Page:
How Do You Setup Real Estate Investment Companies?
Creation depends on your tax, assets, liability and personal preferences. Our clients often inquire about creating real estate investment companies. Should they form a LLC to conduct all of their real estate business? Should they form different LLCs? Do they need a separate company at all? How do they obtain mortgages as a LLC or another corporate entity? Does it matter if they are doing different activities (for example, flipping and property management) within the same company?
Our answer to these questions usually depends on three factors:
Tax Savings. How do you minimize your tax footprint and pay Uncle Sam the least?
Assets & Liabilities. What is the extent and value of your assets, and how do you minimize your overall exposure to liability?
·Preference / Factual Setting. How complex or simple will your overall organization be? Do you have different partners for different aspects of your business? Do you envision selling different aspects of your business at different times?
Tax savings, in general, can and should be addressed by your CPA. Don’t make a decision about corporate structure without consulting with one first. When talking to your CPA, keep in mind two things: First, closely held companies with similar ownership structures (i.e. a parent that owns 80% or more of the voting and value of one or more subsidiaries) can submit a consolidated tax return. Second, when your accountant says “S-Corporation,” he or she is referring to the tax status of the corporate entity, not the entity type itself. LLCs can be taxed as a S-Corporation, and should be given serious consideration as such.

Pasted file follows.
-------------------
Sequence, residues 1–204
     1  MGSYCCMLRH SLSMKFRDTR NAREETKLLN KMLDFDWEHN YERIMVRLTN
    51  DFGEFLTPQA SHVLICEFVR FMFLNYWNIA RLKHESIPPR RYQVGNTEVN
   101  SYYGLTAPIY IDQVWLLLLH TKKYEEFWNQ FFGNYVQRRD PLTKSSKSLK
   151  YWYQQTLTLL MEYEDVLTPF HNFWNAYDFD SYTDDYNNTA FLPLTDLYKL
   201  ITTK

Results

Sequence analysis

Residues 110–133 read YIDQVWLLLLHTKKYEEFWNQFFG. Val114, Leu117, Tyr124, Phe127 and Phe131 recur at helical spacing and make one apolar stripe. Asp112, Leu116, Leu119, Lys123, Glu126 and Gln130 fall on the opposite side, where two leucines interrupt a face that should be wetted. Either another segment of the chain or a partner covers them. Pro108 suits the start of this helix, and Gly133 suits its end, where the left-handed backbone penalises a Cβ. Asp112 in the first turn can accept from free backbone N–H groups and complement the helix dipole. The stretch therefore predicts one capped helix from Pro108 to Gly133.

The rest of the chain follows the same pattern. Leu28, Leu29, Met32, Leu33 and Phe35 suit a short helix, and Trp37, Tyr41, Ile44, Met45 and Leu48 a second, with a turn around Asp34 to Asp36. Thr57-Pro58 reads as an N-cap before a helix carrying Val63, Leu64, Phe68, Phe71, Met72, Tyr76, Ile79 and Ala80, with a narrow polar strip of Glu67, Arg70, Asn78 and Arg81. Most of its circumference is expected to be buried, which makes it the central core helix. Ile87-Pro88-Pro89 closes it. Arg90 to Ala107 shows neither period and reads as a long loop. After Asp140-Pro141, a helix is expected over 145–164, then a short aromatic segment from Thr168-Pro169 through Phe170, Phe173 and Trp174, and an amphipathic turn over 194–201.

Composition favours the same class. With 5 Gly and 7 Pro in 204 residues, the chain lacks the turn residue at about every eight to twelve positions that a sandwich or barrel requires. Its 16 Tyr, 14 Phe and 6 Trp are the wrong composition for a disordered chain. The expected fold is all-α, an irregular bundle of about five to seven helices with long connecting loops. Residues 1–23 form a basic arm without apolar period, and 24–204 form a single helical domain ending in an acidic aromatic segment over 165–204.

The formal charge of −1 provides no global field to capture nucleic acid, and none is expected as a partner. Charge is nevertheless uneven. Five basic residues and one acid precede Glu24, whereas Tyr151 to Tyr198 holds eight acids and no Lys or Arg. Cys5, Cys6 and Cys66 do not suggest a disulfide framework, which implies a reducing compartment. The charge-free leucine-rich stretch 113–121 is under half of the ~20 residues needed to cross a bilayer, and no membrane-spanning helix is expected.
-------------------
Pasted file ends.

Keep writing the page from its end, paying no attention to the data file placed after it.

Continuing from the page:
To reduce liability, consider a separate LLC for each significant asset. Liability should be compartmentalized as much as possible. If you’re a doctor who owns some real estate and the building your practice operates out of, you should seriously consider a LLC for your practice, and separate LLCs for each real estate holding. The reason for this, is if you are sued for medical malpractice, and the damages (or legal fees) pierce your malpractice insurance, the properties cannot be touched (because they are owned by separate LLCs). Likewise, if someone (heaven forbid) gets hurt or killed in a fire in one of your properties, the exposure is limited to the LLC that owns that property, not any of the properties owned by other LLCs nor your practice nor personal assets.
Contrast the above example against an entrepreneur doing business with all his real estate holdings owned by one LLC. If one property experiences a mishap, the LLC is liable for the harms and therefore all real estate holdings owned by that LLC become at risk. If that entrepreneur has all his assets owned by that one LLC, all his assets are at risk. Similarly, suppose your real estate investment company includes some construction, property ownership and property management, and your construct business experiences a mishap whereby a contractor negligently causes a fire that burns down adjacent structures. That one mishap, for a relatively low-value business, then exposes any and all assets and property owned by that LLC.